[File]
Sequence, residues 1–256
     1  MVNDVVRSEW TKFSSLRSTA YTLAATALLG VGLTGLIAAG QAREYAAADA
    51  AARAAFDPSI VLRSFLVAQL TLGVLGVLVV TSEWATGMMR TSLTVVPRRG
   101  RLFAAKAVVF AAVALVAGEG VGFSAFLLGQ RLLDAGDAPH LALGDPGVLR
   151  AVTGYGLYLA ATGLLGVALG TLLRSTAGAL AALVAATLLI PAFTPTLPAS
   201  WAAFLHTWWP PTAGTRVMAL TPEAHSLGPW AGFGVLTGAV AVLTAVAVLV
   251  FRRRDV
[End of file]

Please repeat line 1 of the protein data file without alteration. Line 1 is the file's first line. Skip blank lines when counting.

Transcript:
Sequence, residues 1–256